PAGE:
Monday, November 14, 2005

Notes on the violence (part 3)

Comment in the FT (12 Nov) on the violence in France. Their leader says the biggest frustration for the rioters is the French model which 'teaches that every citizen of the republic must be absolutely equal and able to exercise his full rights, but as an individual, and not as member of some religious or ethnic group.' Christopher Caldwell says that France must not abandon its model and warns against Muslim groups developing private agendas, 'setting up parallel social-service structures in poor neighbourhoods' (a la Hamas or Hezbollah). The violence has been less in Marseilles, where according to its mayor, 'the strict division of church and state under a 1905 French law has been blurred.'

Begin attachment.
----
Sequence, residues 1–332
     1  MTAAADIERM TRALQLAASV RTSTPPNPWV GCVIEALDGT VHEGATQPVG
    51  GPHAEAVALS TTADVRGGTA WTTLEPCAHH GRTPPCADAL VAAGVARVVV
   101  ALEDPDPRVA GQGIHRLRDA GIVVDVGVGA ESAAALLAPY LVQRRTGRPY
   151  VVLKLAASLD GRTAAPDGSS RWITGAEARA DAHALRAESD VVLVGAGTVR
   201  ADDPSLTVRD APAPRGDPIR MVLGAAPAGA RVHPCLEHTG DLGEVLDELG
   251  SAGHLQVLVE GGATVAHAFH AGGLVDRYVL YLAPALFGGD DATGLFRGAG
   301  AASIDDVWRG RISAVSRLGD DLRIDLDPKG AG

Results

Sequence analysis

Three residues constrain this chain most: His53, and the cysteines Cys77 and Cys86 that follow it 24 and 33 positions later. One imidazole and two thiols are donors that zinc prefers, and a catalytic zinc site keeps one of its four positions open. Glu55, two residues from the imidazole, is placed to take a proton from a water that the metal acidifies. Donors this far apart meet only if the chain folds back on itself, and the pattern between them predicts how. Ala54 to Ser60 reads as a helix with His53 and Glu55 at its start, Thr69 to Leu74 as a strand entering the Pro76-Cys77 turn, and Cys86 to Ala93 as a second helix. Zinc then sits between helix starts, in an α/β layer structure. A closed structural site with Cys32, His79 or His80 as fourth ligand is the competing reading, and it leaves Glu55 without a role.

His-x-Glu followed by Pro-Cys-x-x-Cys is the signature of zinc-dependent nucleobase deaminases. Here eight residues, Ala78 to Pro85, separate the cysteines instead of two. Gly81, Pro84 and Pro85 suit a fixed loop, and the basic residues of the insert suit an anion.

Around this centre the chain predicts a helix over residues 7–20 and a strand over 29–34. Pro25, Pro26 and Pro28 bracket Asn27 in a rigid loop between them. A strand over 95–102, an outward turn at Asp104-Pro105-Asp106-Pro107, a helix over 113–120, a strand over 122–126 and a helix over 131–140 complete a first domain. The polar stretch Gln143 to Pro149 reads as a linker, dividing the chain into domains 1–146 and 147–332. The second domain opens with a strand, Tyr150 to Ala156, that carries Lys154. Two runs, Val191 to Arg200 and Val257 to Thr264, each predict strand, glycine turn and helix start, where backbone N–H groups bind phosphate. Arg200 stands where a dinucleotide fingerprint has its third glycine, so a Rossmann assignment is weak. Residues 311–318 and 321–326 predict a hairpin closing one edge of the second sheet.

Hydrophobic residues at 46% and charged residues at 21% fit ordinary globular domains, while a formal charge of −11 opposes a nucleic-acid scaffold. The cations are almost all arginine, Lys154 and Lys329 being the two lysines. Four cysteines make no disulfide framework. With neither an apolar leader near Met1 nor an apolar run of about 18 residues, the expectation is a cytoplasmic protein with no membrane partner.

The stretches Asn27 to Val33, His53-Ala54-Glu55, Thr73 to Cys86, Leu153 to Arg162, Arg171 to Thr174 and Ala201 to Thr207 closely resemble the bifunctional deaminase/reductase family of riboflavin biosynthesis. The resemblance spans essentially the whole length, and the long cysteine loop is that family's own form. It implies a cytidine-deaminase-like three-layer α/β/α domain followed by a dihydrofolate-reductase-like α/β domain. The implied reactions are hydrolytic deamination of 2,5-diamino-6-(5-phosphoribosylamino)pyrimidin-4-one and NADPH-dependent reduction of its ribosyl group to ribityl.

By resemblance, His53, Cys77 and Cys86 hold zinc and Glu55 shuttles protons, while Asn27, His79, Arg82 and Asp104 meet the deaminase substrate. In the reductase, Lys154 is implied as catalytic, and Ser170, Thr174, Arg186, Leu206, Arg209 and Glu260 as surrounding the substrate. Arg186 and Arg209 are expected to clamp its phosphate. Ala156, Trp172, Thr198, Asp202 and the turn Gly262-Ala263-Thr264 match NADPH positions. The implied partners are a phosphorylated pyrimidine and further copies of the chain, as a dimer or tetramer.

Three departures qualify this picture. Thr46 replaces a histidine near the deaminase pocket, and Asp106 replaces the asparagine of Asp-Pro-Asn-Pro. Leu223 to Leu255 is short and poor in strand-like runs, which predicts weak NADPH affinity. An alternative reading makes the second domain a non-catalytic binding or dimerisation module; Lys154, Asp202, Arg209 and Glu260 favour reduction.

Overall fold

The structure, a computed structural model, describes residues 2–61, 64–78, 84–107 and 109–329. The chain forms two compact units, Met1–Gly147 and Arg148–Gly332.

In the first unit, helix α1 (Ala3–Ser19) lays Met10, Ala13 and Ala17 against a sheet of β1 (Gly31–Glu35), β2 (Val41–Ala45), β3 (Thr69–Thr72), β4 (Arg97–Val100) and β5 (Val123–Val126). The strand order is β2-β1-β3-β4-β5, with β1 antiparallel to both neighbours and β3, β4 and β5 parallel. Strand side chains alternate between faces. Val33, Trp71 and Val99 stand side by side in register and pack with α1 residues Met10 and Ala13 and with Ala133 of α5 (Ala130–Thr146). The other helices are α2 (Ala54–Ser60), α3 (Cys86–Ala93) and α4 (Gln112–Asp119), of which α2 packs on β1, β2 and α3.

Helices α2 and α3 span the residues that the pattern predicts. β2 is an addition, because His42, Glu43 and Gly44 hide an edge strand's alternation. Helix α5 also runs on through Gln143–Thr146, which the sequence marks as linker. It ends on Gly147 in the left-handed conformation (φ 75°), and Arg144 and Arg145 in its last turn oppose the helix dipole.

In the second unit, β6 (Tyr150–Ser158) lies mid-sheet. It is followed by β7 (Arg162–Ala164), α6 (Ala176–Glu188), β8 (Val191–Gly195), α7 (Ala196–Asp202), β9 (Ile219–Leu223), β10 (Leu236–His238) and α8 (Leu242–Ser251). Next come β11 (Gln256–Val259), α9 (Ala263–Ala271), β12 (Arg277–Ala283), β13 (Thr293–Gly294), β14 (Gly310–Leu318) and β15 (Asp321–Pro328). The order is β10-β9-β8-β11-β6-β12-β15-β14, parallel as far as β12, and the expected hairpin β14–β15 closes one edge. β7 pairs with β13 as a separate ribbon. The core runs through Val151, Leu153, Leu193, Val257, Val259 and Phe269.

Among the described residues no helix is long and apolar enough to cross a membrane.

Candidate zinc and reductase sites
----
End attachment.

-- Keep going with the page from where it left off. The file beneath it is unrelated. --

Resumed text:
Jack Lang is quoted from an FT interview earlier this year: "Sarkozy will be his own worst enemy. He goes over the top. [...]  He is intelligent [...] He is brave. But you sense he is a little foolish. It is a paradox that this man you is minister of security will create a sense of insecurity."
Update: BBC Radio 4 on Sunday evening, 'in a change to our scheduled programmes',  had a profile of Nicholas Sarkozy.
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The neo-conservative project of democracy for the Middle East is coming under pressure from from people who are, well, just plain conservatives and anti-Islamists. Daniel Pipes said that it was senseless to distinguish between the Muslim Brotherhood, which renounces violence, and extremist groups. "They are all part of a radical utopian movement."

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